Thank you Henry for teaching your children and mine that lesson.
Thank you Vince for teaching all whom you have touched.
For all you golfers this year please remember, in all the fun and prizes and laughter and good times, remember Vince Terlep and try to be better for the world.
** If you are interested in a fun June day of golf in the name of charity, just leave a comment and I can help you get set up. I know people.:)
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Cathy, I can not tell you how amazing it was to read the words you wrote about my father. As his son, I have always felt like he was a true hero, just as every son feels about their father. I always tell people that I have never met someone as amazing as my father, and it is things like this that make me continue to believe that, and to live what he taught me. One thing that I learned from my father is to surround yourself with good people. I know that he and Mr. King were close not just because Mr. King was a neighbor, but because Mr. King is a genuinely great person. I am completely overwhelmed by the the honor that he pays to my father year after year. It is completely overwhelming. I know he does this because he loved my father, as did many others. But I feel he also does it because he is harbors the same qualities that my father did. That enormous heart, the ability to instill the zest for life in others, the gracious and selfless sense of charity, and the desire to change the world with simple deeds. Through both of these men, I have learned the value of community, charity, and living life to the fullest…not only for yourself but for others. Again, I can not thank you enough for the words you have written. I have never met you, but I consider you a friend.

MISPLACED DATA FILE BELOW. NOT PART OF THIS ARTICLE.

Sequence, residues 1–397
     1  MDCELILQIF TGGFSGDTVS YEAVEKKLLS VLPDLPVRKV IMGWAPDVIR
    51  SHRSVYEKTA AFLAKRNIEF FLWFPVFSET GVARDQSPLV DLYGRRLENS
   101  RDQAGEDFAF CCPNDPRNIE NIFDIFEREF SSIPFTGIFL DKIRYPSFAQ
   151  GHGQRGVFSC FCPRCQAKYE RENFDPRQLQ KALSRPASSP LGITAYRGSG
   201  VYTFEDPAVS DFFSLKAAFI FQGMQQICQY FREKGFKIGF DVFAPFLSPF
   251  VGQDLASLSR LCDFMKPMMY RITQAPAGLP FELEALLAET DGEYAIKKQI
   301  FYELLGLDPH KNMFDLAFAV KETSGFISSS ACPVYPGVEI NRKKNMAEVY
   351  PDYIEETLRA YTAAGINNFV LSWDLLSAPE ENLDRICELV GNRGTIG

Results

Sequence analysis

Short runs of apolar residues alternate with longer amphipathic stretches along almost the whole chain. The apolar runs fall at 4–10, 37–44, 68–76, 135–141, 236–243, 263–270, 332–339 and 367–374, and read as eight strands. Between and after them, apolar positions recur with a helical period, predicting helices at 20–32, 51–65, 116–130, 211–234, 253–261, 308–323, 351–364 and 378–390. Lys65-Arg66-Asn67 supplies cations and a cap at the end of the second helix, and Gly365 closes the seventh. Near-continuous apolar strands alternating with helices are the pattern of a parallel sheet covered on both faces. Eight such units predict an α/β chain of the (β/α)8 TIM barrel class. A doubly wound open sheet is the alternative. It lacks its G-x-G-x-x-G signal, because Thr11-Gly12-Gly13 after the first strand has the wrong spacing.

I just read this post this morning and I need to say that our parents, Ottilie and Henry King, showed their children by actions what it means to volunteer and to help those in need. It is nice to see my brothers and sisters give of themselves and also now the next generation. The apple doesn't fall far from the tree.
Well said Cathy!:-)
The Hank King branch of the King family never ceases to amaze me. Every single one of them is kind, caring, gracious, civic minded, and a family to be admired for their generous spirts and big hearts! Love them.